By Cpl. Jung Han Soh (Daegu)March 13, 2017
African American/Black History Month is an annual celebration of achievements by African Americans and a time for recognizing the central role of black Americans in U.S. history.
On February 28, the 498th Combat Sustainment Support Battalion celebrates 2017 African American/Black History Month at the Camp Carroll Community Activity Center.
498th CSSB Commander Lt. Col. Rizaldo Salvador gave remarks reflecting on the essence of Black History Month.
"We reflect now on our history. We follow the footsteps of those that came before us those African Americans who have proudly served such as the Buffalo Soldiers and the Golden Thirteen," said Salvador. "Throughout our nation's history, African men and women have overcome challenges and adversities in the pursuit of achievement. And as they have made achievements, they have provided a path of success. Booker T. Washington stated "Success always leaves footprints." It is the footprints of these valiant African Americans that bear unimpeachable proof African Americans were always there at each defining moment of our history. We draw strength from these achievements as we are immersed in a nation of diversity which makes one more socially aware and responsible to humbly warm other who are different."
There was a special guest speaker from United States Naval Forces Korea. Capt. Glen S. Leverette Jr., Deputy Commander, U.S. Naval Forces Korea, talked to the audience about what African American History Month is about and what should we do about it.
"The idea that based on who you are, where are you come from, how you are raised, what is your culturalism, what you look like that you are somehow inferior to someone from different culture, different background and different make-up, to think that way is racist," said Leverette. "To bring it to work and put it in practice is racism. That is the enemy. And in my world, the enemy really should reside outside the lifelines and not inside the lifelines."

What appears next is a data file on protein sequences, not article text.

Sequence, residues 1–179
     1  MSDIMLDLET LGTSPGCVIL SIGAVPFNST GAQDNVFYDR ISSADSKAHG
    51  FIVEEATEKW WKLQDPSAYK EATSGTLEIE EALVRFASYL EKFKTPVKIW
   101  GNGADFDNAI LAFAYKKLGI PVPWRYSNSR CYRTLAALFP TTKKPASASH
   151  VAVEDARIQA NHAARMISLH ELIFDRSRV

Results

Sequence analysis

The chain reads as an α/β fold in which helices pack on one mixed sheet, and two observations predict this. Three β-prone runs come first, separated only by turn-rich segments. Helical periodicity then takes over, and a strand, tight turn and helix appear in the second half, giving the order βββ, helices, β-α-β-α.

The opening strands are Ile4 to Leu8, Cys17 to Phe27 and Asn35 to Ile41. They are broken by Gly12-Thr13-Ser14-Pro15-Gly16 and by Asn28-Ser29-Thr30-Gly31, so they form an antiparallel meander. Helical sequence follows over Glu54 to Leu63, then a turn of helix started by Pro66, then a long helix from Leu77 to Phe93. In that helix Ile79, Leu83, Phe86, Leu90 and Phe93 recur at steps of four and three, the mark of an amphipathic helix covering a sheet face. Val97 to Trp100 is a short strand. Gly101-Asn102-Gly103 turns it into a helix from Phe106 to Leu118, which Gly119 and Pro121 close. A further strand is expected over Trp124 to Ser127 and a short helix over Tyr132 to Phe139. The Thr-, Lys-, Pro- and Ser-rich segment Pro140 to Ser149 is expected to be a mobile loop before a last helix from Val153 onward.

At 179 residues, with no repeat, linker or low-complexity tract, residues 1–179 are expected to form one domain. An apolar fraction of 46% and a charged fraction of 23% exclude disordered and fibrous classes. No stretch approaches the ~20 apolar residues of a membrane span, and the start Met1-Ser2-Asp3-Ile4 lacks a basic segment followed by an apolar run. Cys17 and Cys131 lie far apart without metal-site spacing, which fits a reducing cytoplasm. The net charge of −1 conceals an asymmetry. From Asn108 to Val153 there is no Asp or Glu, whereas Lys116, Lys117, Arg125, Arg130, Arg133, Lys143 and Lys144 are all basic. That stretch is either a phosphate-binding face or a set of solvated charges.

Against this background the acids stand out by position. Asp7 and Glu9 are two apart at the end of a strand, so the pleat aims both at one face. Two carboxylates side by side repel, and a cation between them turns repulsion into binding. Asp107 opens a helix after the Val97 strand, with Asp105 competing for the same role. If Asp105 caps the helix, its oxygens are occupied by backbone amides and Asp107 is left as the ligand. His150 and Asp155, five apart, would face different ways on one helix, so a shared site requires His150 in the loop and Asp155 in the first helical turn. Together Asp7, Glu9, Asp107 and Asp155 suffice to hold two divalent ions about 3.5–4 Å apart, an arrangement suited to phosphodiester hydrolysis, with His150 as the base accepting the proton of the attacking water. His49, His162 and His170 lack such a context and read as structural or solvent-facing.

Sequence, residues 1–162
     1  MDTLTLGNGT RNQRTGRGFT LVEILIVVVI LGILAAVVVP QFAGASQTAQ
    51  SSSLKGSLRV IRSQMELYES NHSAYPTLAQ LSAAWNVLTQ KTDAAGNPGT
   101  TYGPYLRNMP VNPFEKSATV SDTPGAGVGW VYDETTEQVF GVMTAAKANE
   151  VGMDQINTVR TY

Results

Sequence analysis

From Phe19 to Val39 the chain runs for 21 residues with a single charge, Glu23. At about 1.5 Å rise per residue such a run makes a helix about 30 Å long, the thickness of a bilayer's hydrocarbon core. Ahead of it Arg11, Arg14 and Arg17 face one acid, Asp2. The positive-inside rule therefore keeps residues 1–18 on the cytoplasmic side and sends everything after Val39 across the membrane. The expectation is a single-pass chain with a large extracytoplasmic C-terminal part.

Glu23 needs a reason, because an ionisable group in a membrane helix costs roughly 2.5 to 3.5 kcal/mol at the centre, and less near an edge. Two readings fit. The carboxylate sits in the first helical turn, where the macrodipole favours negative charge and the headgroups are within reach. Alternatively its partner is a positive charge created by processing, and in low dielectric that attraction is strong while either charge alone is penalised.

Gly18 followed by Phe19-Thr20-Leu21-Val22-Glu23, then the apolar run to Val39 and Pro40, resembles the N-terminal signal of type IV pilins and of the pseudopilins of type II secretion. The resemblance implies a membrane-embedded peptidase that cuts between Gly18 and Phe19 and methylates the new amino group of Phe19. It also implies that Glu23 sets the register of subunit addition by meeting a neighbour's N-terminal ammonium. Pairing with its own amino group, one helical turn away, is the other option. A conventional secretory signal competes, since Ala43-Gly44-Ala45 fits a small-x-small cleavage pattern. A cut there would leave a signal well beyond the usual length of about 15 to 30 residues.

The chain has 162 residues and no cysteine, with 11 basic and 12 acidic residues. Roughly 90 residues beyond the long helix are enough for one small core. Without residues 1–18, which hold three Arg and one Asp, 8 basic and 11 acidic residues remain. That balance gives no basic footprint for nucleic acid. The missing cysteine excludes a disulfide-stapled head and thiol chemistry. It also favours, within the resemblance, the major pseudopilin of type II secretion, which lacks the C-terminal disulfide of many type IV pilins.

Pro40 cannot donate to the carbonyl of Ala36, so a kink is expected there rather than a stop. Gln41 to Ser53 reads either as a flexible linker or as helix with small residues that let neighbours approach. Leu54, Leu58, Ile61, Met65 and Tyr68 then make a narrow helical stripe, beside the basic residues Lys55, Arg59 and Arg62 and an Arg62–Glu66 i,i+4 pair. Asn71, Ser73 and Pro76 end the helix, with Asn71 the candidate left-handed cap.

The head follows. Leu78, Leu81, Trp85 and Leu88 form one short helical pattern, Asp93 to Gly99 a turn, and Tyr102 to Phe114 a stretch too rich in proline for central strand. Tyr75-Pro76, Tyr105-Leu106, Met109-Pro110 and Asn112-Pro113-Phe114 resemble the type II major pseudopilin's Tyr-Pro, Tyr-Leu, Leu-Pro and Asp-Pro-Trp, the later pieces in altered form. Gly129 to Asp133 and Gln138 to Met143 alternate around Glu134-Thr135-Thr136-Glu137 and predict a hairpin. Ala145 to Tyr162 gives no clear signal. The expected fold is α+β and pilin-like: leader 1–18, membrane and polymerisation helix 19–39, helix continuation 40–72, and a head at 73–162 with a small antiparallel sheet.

Soldiers from 498th CSSB, 339th Quartermaster Company and 551st Inland Cargo Transfer Company volunteered for today's observance to recognize and applaud the contributions and dedications what the African Americans had achieved throughout the America's history.
Pvt. Raymond Maldonado, 339th Quartermaster Company from Camp Humphreys is one of many Soldiers who role-played during the today's observance. He played as Peter Salem who is an African American from Massachusetts who served as a soldier in the American Revolutionary War. He was enlisted in the Continental Army, serving for nearly five years during the war.
He talked about the today's observance and role-playing.
"I volunteered for the role play. We did this for whole month. We did rehearsal for four times. We came all the way down from Camp Humphreys to do this," said Maldonado. "It was good. It was a lot of stuff that got changed up a lot because we had different leaders coming here and they told us good things. In the end, we handled really well and just followed the script. It was smooth. It was nothing like that you could do."
Salvador also highlighted the importance of looking beyond the differences between each other.
"Differences should never separate people but motivate us to weave our individual thread into our nation's social fabric," said Salvador. "Being a nation of diversity brings texture to the fabric of our national identity. We must always look beyond our differences and rise the sea, the beauty of this Mosaic. African American valued service to our nation has enabled the entire U.S. military to feel stronger, more diverse force defined by the highest character and courage. Today, our African American military and civilian members look into leave their footprints of success as a legacy for others to follow. So let us begin now to reflect, observe, and celebrate."
Leverette also emphasized the importance to keep the diversity in every aspects.
"We should strive to celebrate diversity in all of its forms and all of its excellence every month," said Leverette. "It's always our desire to drive this celebration to obsolescence not because of the reason why we have it but because we live the objective daily and it's no longer required. I think each and every one of you has taken a step by coming out and taking time out of your work day."
The event grew out of "Negro History Week," the brainchild of noted historian Carter G. Woodson and other prominent African Americans. Since 1976, every U.S. president has officially designated the month of February as Black History Month. Other countries around the world, including Canada and the United Kingdom, also devote a month to celebrating Black History Month.